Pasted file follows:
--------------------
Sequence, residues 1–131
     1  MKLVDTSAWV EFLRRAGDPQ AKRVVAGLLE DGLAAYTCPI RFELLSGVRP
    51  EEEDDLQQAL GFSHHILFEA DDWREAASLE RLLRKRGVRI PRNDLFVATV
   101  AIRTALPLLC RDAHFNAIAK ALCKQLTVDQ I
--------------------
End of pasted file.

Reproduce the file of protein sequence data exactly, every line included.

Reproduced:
Sequence, residues 1–131
     1  MKLVDTSAWV EFLRRAGDPQ AKRVVAGLLE DGLAAYTCPI RFELLSGVRP
    51  EEEDDLQQAL GFSHHILFEA DDWREAASLE RLLRKRGVRI PRNDLFVATV
   101  AIRTALPLLC RDAHFNAIAK ALCKQLTVDQ I